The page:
It’s time for some collective punishment, all right, but for the terrorists. Their terrorist cells have to be destroyed, as do all the apartments that harbor terrorists as well. Those Arabs who want peace have to disassociate themselves from these terror infrastructures and where they hide. Israel has no other choice but to take back all the land that has been turned into terror bases. That’s the only way you fight terrorism and win. Otherwise, there will be no end to this cycle of attacks. It’s all part of Mr. Arafat’s plan to wear down the Israelis. The Israelis should put them on the defensive and wear them down, not allow terror to have the upper hand.

Also, Mr. Arafat should not be held in Ramallah, nor be deported or expelled. He should be arrested and tried for war crimes against humanity and for using unconventional weapons of mass destruction, the suicide bombers.

We never can win the war on terrorism if we feel sorry for those who aid and abet them. The people whose apartments were destroyed are homeless becausetheyknewthat Muhammad Hanbali was hiding there, and involved in killing at least 36 Israelis and wounding hundreds of others. Therefore, they are not innocent civilians — they are conspirators, aiders and abettors.

BARBARA ANN BLOOM

Owings Mills, Md.

Don’t forget

I appreciate The Washington Times writing on the topic of Christian colleges in the series, “Cross Purposes” (Page 1, Monday-Wednesday) by Julia Duin. Some do not realize that many of the Ivy League schools were founded by religious thinkers who thought that education was just as important as faith in God. The three-part series was enlightening, and I appreciate that The Times attempted to write on a subject that is not often reported on.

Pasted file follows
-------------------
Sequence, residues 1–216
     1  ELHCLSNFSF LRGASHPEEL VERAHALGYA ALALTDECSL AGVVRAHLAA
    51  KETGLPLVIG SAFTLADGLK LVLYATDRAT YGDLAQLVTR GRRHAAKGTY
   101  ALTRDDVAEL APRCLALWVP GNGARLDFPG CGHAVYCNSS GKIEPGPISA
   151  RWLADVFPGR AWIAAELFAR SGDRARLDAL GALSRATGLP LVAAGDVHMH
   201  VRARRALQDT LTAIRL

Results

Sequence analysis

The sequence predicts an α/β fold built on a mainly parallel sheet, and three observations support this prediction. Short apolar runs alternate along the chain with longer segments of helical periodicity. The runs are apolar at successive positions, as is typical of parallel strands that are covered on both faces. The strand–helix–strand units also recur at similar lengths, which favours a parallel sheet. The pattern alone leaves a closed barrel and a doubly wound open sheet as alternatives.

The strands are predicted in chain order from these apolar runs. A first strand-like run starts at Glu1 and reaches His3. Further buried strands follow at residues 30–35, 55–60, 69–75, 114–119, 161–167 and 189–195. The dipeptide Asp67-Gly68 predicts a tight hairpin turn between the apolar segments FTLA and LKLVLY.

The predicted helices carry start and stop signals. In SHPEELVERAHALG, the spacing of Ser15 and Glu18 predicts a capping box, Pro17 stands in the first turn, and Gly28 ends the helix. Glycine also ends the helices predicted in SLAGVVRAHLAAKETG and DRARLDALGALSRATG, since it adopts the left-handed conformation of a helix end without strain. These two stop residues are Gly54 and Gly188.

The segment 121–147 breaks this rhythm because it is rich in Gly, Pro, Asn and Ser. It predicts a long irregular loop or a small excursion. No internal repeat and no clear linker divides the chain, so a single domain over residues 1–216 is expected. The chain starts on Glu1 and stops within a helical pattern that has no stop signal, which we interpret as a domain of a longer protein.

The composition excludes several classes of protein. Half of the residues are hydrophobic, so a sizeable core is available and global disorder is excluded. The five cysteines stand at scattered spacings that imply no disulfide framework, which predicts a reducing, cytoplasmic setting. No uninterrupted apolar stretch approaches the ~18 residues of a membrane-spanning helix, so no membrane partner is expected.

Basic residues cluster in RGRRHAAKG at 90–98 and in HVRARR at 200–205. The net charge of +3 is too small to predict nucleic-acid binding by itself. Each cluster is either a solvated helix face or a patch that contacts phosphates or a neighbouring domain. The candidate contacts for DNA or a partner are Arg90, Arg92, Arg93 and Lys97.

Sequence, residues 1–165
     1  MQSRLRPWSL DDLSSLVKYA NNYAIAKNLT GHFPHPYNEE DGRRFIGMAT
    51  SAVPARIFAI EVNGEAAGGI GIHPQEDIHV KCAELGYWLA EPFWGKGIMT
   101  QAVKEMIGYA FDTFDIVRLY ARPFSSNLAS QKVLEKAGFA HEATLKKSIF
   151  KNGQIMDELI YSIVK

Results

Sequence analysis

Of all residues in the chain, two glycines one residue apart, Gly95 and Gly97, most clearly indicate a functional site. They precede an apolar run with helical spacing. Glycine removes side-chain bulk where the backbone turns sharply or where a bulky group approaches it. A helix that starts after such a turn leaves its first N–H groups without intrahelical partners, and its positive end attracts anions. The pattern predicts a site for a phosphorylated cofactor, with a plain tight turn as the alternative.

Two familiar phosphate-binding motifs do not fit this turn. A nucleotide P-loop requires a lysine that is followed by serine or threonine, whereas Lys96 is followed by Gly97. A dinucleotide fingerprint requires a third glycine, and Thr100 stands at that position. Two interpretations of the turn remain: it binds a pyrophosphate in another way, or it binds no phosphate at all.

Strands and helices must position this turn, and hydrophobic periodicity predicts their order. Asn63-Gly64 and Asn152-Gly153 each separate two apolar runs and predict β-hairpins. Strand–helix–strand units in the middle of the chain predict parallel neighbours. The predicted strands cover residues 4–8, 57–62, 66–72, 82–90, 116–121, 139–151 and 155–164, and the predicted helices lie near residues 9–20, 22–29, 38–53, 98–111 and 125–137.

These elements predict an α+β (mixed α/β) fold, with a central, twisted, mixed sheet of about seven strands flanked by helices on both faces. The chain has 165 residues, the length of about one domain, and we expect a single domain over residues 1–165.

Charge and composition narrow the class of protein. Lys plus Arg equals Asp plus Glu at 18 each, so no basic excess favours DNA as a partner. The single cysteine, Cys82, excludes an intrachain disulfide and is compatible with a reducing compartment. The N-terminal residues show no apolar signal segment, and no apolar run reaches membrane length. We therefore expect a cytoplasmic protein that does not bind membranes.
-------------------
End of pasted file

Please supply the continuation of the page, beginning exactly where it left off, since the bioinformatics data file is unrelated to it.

I do realize that one cannot report on all of the Christian colleges in the United States. Parts of the series focused on schools in the West and South. Still, I was amazed to see prominent Christian colleges missing from the articles (Wheaton was named). Gordon College in Massachusetts is a liberal arts college committed to first-rate education. Eastern University in Saint Davids, Pa., is known for its faith, reason and justice teaching and known for the social activism of students and alumni alike. Calvin College, in Grand Rapids, Mich., is another prestigious school that offers advanced education in the arts and sciences. Nyack College in New York has been turning out alumni who become lawyers and bankers. Most of these schools even offer graduate and doctoral programs. Eastern University, for example, was one of the first schools in the mid-Atlantic region to offer the growing and popular “Fast Track MBA” program in the early 1990s. These schools and facts are only the tip of the iceberg.